In Afghanistan, the mission failure appears complete. The trillion-dollar project to plant Western democracy in a Muslim nation historically fabled for driving out imperial intruders has crashed and burned after 20 years, and the Taliban are suddenly back in power. After investing scores of billions in training and arming a force of 350,000 Afghani troops, the U.S. could not stand up an army and a government that could survive our departure. And the final U.S. departure from Hamid Karzai International Airport may become, like JFK's Bay of Pigs, a synonym for American debacle.
Nor is the failure ours alone. Many of our principal allies were heavily invested. The British are now attempting to bring their people out of Kabul under the same conditions as ours. The leader of Chancellor Angela Merkel's party and possibly the next chancellor of Germany, Armin Laschet, calls the withdrawal "the biggest debacle that NATO has suffered since its founding."
Three decades ago, after the breakup of the USSR and the end of the Cold War, Republican Sen. Richard Lugar said that NATO, having lost the rationale for its existence—containment of the Soviet Union—would now have "to go out of area or go out of business." Cynics might say that, in Afghanistan, NATO did both.
After 9/11, "the most successful alliance in history" invoked Article 5 and backed the U.S. war to oust the Taliban and annihilate the Al Qaeda terrorists who had carried out 9/11. Many sent troops. But there could be worse to come.
While there are about 4,000 U.S. troops at the Kabul airport, U.S. control does not extend beyond the airport perimeter. When asked if U.S. troops could enter Kabul and extract American citizens, Defense Secretary Lloyd Austin replied, "I don't have the capability to go out and extend operations currently into Kabul." Americans in Kabul and other cities must make their own way to the Kabul airport.
The U.S. thus depends today upon the sufferance of the Taliban to let the Americans through the gridlocked highway. Many Afghan allies are being impeded and turned back. Having aided our troops during the war, these Afghan allies face murderous reprisals and retribution.
There are other present perils. A few mortar shells landing on the tarmac of the lone runway at HKIA, and no plane can fly in or out until the runway is repaired. The arrival of troops and supplies, and any daily departure of 5,000 to 9,000 people, would be halted. If fighting is renewed, the Americans left in Kabul and other cities become hostages to the Taliban. And there are many more out there than the 52 Americans held by Iran in the hostage crisis that ended the presidency of Jimmy Carter.
The U.S. does, however, retain leverage. U.S. airpower can still do damage to the Taliban, and the U.S. can veto any International Monetary Fund money and cut the Taliban's access to Afghanistan's financial reserves in U.S. banks. Without cash, the Taliban will have a hellish time providing for the necessities the country needs to stay viable.
Right now, the Americans and the Taliban need each other. The Taliban need time to consider their control, and the Americans need time to get their people and their Afghan allies out. Thus, the Taliban are putting on a moderate face at the top level. Yet, given the character of the Taliban, as revealed in its previous tenure, and the desire for revenge against those who have been killing Taliban comrades, the future looks grim for those left behind.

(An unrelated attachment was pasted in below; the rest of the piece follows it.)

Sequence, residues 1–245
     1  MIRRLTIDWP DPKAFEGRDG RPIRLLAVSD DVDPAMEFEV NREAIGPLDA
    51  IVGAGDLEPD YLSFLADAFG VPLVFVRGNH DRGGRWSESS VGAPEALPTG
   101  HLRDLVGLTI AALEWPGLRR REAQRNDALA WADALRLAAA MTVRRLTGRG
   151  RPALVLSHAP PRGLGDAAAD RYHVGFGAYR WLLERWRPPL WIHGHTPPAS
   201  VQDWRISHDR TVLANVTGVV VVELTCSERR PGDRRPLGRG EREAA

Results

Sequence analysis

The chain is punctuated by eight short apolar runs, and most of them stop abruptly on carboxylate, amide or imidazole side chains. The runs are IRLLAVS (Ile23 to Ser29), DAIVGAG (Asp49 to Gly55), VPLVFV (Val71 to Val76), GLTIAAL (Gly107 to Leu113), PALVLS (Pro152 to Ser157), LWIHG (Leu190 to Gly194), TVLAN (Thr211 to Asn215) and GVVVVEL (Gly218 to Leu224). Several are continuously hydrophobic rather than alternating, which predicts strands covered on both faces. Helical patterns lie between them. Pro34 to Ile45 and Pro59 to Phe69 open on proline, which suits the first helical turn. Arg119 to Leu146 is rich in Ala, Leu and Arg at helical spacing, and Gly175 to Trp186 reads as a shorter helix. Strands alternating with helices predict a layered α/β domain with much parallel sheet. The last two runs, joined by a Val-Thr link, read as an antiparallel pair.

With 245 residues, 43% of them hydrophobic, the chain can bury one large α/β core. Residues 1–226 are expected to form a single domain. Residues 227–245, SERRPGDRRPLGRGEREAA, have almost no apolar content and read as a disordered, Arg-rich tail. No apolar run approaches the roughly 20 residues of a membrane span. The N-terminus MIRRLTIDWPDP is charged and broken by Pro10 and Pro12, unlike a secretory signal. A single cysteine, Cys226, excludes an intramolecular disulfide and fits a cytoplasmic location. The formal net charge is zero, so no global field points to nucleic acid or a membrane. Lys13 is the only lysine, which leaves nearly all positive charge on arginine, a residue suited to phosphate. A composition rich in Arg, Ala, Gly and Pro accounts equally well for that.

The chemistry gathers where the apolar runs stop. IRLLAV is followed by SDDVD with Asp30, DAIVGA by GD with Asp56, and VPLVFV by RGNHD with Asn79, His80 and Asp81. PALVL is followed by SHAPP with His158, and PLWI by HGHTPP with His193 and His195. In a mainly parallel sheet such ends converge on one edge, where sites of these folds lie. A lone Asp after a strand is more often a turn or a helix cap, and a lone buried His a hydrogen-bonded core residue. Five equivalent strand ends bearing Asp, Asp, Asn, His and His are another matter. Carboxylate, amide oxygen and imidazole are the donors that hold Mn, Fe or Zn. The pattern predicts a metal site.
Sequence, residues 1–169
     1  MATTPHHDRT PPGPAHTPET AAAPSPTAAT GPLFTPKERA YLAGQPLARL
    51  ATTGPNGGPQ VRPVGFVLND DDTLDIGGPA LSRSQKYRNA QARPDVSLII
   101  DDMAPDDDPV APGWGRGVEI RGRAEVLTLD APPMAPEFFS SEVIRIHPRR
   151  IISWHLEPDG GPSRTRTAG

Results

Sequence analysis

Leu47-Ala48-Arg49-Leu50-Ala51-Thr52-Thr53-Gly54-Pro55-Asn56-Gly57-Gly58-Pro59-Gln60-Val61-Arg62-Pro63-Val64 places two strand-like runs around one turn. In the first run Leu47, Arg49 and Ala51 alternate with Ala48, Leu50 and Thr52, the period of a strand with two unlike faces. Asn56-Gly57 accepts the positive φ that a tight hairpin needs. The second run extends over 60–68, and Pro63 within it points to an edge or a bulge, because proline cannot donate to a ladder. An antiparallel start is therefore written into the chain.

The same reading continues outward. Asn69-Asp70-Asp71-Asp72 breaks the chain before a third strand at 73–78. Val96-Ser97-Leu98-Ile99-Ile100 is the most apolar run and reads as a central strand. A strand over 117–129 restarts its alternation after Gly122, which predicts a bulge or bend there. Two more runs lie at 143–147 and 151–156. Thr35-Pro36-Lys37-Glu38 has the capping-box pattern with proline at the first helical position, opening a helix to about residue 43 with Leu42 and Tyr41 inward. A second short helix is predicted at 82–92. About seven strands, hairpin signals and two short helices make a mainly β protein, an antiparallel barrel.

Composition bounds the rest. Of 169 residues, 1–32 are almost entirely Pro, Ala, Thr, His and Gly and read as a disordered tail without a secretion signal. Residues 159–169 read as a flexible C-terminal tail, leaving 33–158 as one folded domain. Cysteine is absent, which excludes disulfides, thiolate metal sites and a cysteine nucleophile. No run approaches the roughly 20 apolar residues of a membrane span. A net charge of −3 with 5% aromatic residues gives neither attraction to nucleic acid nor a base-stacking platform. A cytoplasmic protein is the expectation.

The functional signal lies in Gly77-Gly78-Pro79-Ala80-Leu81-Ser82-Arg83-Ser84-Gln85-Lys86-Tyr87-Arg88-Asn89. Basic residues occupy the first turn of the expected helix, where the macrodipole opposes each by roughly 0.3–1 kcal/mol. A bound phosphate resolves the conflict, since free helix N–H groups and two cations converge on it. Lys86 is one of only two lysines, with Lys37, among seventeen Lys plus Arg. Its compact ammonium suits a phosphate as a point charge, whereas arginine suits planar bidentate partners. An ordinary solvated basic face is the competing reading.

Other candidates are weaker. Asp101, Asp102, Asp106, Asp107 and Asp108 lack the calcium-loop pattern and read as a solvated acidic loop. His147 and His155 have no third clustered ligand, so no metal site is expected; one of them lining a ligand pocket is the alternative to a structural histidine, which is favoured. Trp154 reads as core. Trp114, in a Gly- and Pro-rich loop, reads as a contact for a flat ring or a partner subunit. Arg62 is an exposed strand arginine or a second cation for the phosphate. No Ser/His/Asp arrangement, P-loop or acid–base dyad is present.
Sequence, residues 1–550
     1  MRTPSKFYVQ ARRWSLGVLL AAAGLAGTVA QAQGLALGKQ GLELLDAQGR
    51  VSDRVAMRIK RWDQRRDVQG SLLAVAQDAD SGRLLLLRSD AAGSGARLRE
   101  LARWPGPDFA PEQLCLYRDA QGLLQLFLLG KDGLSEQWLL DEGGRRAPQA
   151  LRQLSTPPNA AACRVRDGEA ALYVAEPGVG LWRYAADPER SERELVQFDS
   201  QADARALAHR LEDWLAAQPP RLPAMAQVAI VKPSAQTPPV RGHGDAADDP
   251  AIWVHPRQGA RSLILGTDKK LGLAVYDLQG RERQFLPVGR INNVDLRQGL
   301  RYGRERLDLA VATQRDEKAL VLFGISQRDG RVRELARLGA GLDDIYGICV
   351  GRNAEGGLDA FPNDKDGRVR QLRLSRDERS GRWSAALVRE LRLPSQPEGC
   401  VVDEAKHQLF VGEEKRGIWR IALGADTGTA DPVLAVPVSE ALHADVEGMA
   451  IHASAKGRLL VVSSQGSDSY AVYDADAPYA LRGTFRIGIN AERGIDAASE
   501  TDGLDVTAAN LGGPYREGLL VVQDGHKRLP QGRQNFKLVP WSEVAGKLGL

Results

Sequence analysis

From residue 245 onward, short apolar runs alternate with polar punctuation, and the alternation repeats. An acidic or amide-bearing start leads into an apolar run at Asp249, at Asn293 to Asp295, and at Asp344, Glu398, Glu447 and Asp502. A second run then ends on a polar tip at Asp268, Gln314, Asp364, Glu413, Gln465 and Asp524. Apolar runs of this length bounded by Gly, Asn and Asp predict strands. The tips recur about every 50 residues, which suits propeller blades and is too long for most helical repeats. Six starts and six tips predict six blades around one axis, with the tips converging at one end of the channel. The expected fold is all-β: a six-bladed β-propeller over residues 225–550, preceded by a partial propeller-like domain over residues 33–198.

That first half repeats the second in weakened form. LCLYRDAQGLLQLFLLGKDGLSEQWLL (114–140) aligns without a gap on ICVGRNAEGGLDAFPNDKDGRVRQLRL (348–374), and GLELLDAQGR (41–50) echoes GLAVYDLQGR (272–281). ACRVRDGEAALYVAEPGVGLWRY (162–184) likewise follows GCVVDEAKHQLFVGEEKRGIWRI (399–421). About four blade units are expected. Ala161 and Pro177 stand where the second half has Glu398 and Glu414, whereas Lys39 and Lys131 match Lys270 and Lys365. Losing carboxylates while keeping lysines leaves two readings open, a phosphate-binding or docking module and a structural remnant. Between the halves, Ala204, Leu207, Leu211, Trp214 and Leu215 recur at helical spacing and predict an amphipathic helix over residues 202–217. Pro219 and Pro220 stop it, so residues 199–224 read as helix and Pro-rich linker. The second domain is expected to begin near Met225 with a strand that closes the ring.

When Saigon fell in 1975, its armed forces went into re-education camps—concentration camps. Hundreds of thousands of civilians fled on rafts, many to their deaths in the South China Sea. The Cambodians who backed us underwent a genocide, with a fraction of the entire population annihilated by the Khmer Rouge of Pol Pot.
As for the damage done to Joe Biden's presidency, it is significant and permanent. The collapse of the regime, and the botched withdrawal of U.S. troops, U.S. citizens, and Afghan friends and allies, have tarnished any reputation for competence Biden had.
As for Chairman of the Joint Chiefs Gen. Mark Milley and Austin, it is hard to see either surviving long in their positions after learning they did not see coming the imminent and worst foreign policy debacle since the fall of Saigon.
Did the U.S. intelligence agencies see it coming? Did they fail to inform the Pentagon or White House? After the Bay of Pigs in April 1961, former CIA Director Allen Dulles, who had a role in the failed invasion, was, after a decent interval of six months, cashiered. One imagines that senior Biden officials' heads will roll well before that date in the Biden administration. For in this disaster, it seems, no one saw it coming so soon, or becoming so sweeping.
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above: Gen. Mark A. Milley, U.S. Army Chief of Staff [Image from: West Point-The U.S. Military Academy, CC BY-NC-ND 2.0, via flickr, cropped]
Patrick J. Buchanan is the author of Nixon’s White House Wars: The Battles That Made and Broke a President and Divided America Forever. To find out more about Patrick Buchanan and read features by other Creators writers and cartoonists, visit the Creators website at www.creators.com.